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Sustainability in Banking – Thematic Research

  • Pages: 31
  • Report Code: GDRB-TR-S016

Banks exert an enormous indirect influence on the environment through their lending, investing, and advisory activities – so large that the UN insists without a “step change” in their activities it will be impossible to meet Paris Agreement goals. This puts responsibility for climate change squarely on banks’ shoulders at a time when millennials – as both customers and employees – strongly indicate they want their commercial providers to be accountable, and to articulate a purpose beyond profitability.

This covers not just environmental impact but a wide range of social and governance considerations. Increasingly, both everything we buy and everything our money touches can and will be measured for its impact on sustainability. Just as “green” consumers want traceability in supply chains in order to know when they are facilitating harm or injustice, this is shifting now to tractability in their money. This means it is becoming socially unacceptable to not know where one’s money is and what it is doing. Digital, of course, can bring new levels of insight and visibility to this.

This report explores the impact sustainability is having on the retail banking market, covering environmental, social, and governance (ESG) factors. It details the leaders and laggards within this theme, and examines how consumers’ desire for sustainability will shape the market going forward.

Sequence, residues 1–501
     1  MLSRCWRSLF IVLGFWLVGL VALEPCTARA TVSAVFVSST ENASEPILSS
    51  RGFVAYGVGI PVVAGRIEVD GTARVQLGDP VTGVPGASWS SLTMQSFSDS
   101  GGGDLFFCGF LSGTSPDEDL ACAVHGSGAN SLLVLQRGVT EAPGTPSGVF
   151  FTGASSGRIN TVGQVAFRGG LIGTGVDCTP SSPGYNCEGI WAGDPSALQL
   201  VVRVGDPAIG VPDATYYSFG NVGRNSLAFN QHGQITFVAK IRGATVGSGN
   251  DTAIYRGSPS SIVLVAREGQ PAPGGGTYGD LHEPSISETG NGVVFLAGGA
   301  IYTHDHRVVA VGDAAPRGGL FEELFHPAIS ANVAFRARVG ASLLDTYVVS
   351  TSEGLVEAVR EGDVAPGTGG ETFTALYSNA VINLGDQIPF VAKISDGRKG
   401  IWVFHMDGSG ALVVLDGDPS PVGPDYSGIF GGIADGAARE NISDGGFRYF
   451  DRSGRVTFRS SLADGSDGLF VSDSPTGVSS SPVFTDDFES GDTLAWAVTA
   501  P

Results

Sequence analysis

Scope

  • Sustainability is a way to atone for that by doing demonstrable good for local communities, employees, customers, and the environment, rather than the skin deep PR of “on your side” marketing campaigns.

Reasons to Buy

  • Understand the key factors shaping the sustainability trend with the help of GlobalData’s ESG Framework.
  • Discover which banks lead the way in terms of adopting and embracing sustainable solutions.
  • Learn which initiatives have proven successful, and how sustainability in banking will develop going forward.

Table of Contents

GlobalData’s Sustainability Framework

Environmental

Social

Governance

The impact of sustainability on banking

Environmental

Social

Governance

Sustainability challenges

It’s not always clear what is “best” based on data

It’s not always clear what is “best” based on customer preference

The short-term versus long-term trade off

It takes time to create organization-wide, purposeful sustainability

Sustainability means different things to different types of financial services provider

Moral relativism

Ethical is not enough (on its own)

True business model change requires cutting-edge modern tech

Sustainability measurement and response

ESG advisors

ESG ratings agencies

Timeline

Case studies

Environmental

Social

Governance

Companies

Glossary

Appendix: Our thematic research methodology

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